Many people have written Wayne Rooney off as having a poor season and, by his standards, he has. But he’s still in the top 10 scorers this season, and only Walcott and Mata have more assists. If he had been played as our number 9, as he did in 2009-2010 when he scored 26 league goals in 32 games, instead of in a supporting role behind the striker and sometimes in midfield, you could assume that he would have a few more goals to his name too.
So, whilst not detracting from Van Persie’s contribution, I’d argue that we could still be top of the league if he hadn’t played as regularly. That’s largely thanks to Manchester City failing to maintain their form of last season and any other team mounting a title challenge, but that doesn’t change the fact we have been considerably better than everyone else this season, regardless of what Roberto Mancini would have you believe. Joe Hart contradicted his manager and pointed to the fact that they haven’t had enough players performing at a top level week in week out, whereas United have. “United have been a machine who have kept killing and we haven’t,” Joe Hart said a fortnight ago. “They were always going to come back strongly this season and we intended to do the same. It’s just how the season panned out. Every team will say you need at least eight performing and sometimes we haven’t had that. That’s not a criticism of anyone. It’s tough to be at your best all season. But it’s not like United have won a bonus game worth 15 points and gone above us. They have kept winning and we haven’t so it has to be a true reflection.”
I won’t be complaining if Van Persie wins the award but for me, Carrick is the one who deserves it. There are some seasons when a player really stands out, like Van Persie last season, Ronaldo in 2008, Henry in 2004 and so on, but this season, thanks to Robin’s two month period without a goal, there hasn’t been an attacking player who has shone throughout the course of the season. Hazard has had his moments of brilliance, Juan Mata has been much more consistent than Hazard but possibly thanks to those around him hasn’t been able to show just how good he is and has been rotated in and out of the team by Benitez, Suarez has now gone over a month without a goal, as he did just before Christmas etc. The last time we were without an attacking superstar was 2010-2011. So how do you decide on who has been the best? The journalists in this country deemed Scott Parker was the best player thanks to his “heroic” effort to save West Ham from relegation, which he didn’t quite manage. It would be unfair to say that to be the best player you have to play for the best team, but if you think there is one player who has done more to ensure that the best team is actually the best, surely they’re the most deserving? For me, that is why Carrick should be named PFA Player of the Year, because without him, United wouldn’t be in a position to win the league this season.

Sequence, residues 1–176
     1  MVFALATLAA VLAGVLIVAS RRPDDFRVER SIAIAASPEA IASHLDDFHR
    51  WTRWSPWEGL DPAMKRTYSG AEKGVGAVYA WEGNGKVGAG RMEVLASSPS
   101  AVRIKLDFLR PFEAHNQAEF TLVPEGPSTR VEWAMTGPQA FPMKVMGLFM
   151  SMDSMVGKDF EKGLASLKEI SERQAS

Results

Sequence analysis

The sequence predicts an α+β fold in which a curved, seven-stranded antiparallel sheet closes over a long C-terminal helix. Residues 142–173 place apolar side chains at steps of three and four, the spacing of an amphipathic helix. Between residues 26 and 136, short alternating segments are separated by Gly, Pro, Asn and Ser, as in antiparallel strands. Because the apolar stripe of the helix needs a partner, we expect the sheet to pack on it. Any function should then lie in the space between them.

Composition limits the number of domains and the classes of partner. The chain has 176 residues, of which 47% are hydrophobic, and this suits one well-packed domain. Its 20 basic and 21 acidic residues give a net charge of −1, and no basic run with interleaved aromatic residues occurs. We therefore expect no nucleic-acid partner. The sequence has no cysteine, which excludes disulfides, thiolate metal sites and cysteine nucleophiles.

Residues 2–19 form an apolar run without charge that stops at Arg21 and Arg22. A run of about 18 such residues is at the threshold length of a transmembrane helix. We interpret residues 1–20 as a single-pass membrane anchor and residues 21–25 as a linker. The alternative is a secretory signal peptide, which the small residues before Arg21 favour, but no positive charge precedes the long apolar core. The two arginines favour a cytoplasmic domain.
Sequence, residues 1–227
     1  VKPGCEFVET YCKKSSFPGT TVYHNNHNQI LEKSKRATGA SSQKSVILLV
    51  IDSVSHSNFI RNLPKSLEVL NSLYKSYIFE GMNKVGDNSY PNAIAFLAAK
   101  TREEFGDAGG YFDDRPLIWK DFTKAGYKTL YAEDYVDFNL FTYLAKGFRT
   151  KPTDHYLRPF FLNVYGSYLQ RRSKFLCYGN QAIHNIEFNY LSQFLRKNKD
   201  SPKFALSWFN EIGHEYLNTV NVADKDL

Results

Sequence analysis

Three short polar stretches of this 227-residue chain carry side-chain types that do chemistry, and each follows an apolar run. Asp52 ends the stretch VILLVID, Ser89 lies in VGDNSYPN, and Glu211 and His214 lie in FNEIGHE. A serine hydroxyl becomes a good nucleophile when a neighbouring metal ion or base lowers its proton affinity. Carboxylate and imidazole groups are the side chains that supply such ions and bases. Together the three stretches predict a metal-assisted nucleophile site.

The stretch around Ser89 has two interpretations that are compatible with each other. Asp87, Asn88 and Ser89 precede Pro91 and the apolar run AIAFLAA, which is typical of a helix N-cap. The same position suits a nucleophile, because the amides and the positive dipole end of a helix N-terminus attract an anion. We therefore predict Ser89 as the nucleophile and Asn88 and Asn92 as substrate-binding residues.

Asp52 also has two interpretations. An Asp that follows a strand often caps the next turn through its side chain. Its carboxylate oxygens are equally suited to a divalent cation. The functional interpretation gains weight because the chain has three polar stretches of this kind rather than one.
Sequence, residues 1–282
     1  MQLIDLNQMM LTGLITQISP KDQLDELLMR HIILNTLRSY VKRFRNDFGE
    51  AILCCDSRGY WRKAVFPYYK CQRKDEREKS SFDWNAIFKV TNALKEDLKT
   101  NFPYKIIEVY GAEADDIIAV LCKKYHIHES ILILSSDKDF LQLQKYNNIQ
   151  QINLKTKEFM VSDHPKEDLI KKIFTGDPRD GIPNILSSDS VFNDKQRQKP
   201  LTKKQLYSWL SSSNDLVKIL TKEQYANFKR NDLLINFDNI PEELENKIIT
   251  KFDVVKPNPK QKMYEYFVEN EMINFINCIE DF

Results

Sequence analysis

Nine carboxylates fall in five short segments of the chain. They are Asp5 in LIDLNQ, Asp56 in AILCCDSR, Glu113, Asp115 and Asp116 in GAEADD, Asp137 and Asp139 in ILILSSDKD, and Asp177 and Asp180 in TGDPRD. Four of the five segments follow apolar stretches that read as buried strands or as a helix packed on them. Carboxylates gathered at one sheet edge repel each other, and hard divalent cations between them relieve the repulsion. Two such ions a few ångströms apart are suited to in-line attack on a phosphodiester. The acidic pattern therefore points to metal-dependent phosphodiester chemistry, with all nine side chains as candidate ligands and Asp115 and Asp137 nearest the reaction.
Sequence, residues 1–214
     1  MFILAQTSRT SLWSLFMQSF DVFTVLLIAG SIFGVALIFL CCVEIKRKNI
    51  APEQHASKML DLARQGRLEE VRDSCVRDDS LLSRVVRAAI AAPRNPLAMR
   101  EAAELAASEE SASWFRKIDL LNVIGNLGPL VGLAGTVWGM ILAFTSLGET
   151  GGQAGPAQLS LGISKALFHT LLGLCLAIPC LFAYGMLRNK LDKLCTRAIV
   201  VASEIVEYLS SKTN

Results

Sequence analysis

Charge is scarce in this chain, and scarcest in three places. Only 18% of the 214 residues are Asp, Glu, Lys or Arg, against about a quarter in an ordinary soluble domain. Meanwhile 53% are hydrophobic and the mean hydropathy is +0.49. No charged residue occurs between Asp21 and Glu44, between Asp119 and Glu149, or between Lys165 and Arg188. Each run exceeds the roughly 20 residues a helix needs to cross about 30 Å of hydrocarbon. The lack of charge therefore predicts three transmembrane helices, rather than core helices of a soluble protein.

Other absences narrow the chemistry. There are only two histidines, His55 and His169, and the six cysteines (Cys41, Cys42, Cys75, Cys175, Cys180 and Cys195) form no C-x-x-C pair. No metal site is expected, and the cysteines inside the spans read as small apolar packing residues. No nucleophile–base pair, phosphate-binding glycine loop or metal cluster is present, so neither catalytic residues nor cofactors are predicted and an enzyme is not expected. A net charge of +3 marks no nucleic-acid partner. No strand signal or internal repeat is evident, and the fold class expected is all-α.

As someone said to me today, Van Persie is the reason why the gap at the top is so big, whereas Carrick is the reason why we’re top. He has played at a consistently high level throughout the course of the season and has made the biggest difference to our team. Is he a better player than Van Persie, Suarez, Mata etc.? As much as I like him, nobody would pay £30m+ for him. Technically, he’s not as gifted as the others in the list. But has he had a better season than the others? Certainly.
“I’m really happy how the season has gone,” he said this week. “I’ve played at a good level consistently which is probably the key I think. It’s tough when you’re younger. You have your good games and your bad games but the key to staying at the top is probably that high standard over a long period of time.”